Join us for a conversation with leading design entrepreneurs Wendy Goodman and Jean Brownhill. Wendy, the legendary design editor of New York magazine, has been like a fairy godmother to Jean, a trained architect who founded Sweeten, a free renovation matchmaking service connecting the design trade and homeowners with vetted general contractors. What did Wendy see in Jean's entrepreneurial spirit that made her an early believer? How did "The Contractor Whisperer" (as New York calls Jean) translate her personal renovation nightmare into a dream company with $1 billion projects in the pipeline? How can more women succeed in mostly male-dominated industries?
Posts tagged with "New York School of Interior Design":
The Sally Henderson Lecture on Green Design is an annual event created to honor the memory of NYSID faculty member, Sally Henderson, who developed the College’s first course in green design. The U.S. Green Building Council (USGBC), creators of the Leadership in Energy and Environmental Design (LEED) rating system, celebrated its 25th anniversary in 2018. With 25 years of experience in the green building industry, USGBC continues to find new ways to advance sustainability for both people and the environment. “Arc Skoru” is a collaborative platform designed to connect people all over the world to actions and inspire them to make the most informed decisions. The new “LEED for Cities” rating system is revolutionizing city planning, development and operations, while also improving sustainability and life for people around the world. “Living Standard” will collect and share stories that prove that anyone has the power to make a measurable impact on the quality of life of everyone around us. A series of short presentations will describe Arc Skoru and Living Standard along with an updated version of LEED for buildings and cities. A panel discussion will follow, addressing the impact these programs will have on the design world. Joining us will be USGBC’s Gautam Tarafdar, along with LEED faculty and practitioners, Jason Kliwinski (Founder/CEO, Green Building Center, LLC, LEED Fellow and LEED Faculty member) and Jonathon Matle (LEED practitioner with Vidaris) and Dr. Vatsal Bhatt, Director for Cities and Communities. NYSID’s David Bergman, Program Director for MPS-S, will moderate the panel.
Join author and journalist Cathy Whitlock (Designs on Film: A Century of Hollywood Art Direction), set decorators Ellen Christiansen (The Marvelous Mrs. Maisel), Sheila Bock (Madam Secretary), and Andrew Baseman (Crazy Rich Asians) as they take us behind the scenes of their highly acclaimed productions, and share their design secrets and talk about working as a designer in the film industry.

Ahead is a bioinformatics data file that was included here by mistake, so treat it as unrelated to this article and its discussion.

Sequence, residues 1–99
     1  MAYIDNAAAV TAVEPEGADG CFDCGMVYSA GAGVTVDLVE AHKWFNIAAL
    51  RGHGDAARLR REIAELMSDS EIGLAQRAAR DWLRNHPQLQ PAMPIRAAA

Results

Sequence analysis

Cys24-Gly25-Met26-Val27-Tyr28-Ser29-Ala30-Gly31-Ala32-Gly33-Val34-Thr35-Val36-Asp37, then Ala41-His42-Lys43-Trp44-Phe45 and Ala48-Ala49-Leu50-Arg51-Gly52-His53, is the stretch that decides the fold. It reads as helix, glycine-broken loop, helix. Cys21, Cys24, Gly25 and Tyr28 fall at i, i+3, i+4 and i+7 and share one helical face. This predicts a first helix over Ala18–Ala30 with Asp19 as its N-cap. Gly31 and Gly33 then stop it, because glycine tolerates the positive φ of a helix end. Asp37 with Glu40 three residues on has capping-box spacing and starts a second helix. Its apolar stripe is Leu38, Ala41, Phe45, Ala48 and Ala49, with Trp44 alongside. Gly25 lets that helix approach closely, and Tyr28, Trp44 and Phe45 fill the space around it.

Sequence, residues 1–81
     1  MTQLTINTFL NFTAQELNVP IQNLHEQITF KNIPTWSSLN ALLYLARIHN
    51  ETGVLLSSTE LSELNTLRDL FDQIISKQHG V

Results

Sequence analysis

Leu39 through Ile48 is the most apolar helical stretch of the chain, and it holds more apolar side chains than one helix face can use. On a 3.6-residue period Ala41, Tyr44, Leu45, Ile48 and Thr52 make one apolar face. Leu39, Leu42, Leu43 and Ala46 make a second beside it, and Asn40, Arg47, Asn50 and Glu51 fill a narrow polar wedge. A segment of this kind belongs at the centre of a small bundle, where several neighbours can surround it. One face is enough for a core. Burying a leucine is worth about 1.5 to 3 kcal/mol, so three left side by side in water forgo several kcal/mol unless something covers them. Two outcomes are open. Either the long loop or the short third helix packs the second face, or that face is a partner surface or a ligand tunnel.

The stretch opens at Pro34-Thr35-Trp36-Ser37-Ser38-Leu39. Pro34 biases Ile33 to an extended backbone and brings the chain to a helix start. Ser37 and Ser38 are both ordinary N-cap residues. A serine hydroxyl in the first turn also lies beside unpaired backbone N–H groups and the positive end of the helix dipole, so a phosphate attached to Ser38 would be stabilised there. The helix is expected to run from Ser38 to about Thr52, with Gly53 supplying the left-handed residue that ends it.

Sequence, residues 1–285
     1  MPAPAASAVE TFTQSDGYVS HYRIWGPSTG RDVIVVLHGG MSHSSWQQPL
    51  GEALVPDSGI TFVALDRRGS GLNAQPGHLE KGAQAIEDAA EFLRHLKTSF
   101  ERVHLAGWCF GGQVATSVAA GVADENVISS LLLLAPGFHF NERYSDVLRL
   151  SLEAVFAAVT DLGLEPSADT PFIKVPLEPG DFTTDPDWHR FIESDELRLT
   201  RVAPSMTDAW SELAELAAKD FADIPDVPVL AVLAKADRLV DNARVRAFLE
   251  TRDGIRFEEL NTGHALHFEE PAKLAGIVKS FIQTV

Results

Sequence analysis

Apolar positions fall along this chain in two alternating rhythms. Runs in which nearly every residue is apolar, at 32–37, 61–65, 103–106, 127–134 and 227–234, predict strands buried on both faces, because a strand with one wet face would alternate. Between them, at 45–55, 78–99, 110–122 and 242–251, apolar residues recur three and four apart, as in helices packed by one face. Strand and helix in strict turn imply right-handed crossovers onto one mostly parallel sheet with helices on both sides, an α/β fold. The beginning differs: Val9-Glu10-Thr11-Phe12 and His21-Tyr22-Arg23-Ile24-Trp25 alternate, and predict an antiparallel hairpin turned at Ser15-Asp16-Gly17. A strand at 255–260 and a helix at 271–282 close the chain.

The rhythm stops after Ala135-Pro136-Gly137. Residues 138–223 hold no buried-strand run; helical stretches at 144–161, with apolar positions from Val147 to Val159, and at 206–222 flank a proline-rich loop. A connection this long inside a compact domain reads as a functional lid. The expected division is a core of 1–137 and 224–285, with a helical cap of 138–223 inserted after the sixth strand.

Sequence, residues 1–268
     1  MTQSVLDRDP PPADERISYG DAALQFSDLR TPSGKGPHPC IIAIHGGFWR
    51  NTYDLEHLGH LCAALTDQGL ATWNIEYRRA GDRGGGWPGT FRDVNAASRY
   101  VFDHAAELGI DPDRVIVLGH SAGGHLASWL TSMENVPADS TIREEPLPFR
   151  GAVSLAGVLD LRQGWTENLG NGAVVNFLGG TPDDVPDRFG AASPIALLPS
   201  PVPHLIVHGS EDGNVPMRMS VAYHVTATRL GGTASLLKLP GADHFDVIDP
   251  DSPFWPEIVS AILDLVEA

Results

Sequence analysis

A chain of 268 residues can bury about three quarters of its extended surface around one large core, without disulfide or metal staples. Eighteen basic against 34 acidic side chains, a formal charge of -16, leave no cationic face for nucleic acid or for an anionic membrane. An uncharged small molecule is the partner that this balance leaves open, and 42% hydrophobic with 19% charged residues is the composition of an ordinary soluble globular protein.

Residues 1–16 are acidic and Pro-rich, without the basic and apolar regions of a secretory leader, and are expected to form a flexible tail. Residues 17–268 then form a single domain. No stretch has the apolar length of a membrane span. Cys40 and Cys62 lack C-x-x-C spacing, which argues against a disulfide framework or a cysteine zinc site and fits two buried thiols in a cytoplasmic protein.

New York is an international city, the center of many powerful industries such as finance, advertising, publishing, media, art, fashion and yes, our personal favorites, interior design and architecture. Learn from how the best and boldest collaborate and succeed in New York design. What makes the work of an interior designer in New York special and New York-ish? From city permits and coop rules, how does working in the city differ from working anywhere else? New York designers require solid strategy, utter professionalism, toughness and charm. Join Wendy Moonan as she explores the relationship between architects and interior designers in New York, using examples from her book, New York Splendor: The City’s Most Memorable Rooms. New York Splendor: The City’s Most Memorable Rooms is available for purchase after the lecture. This program is co-sponsored by the Institute of Classical Architecture & Art (ICAA). Free admission for ICAA members.
Founded by historic preservation professionals in 2015, the NYC LGBT Historic Sites Project is the first initiative to comprehensively document historic places connected to the LGBT community in the city's five boroughs, from the 17th century to the year 2000. Sites – such as former residences of LGBT notables, bars and clubs, educational and cultural institutions, works of public art and architecture, activism locations, and performing arts venues – illustrate the richness of the city's LGBT history and the community's influence on American culture. At this talk, the project team will highlight historic places where LGBT designers have made an indelible impact on the landscape of New York City.
NYSID alumnae, Laurie Smith, joins us for an intimate conversation and look into her journey as an interior designer. As one of the first designers to hit the airwaves on TLC’s Emmy nominated show Trading Spaces in 2000, Laurie has been able to expand her style and knowledge of design through various product lines, speaking opportunities and as an author.
Laurie and the original cast of Trading Spaces returned after 10 years to TLC Spring of 2018 with the series reboot airing an anticipated second season this spring!Laurie is beyond excited to share her personal renovation story of a contemporary home, examples from her book, Discovering Home, and answer questions about the beloved series Trading Spaces with students and alumni of her alma mater.
On View> New York’s landmarked interiors get their own show at the New York School of Interior Design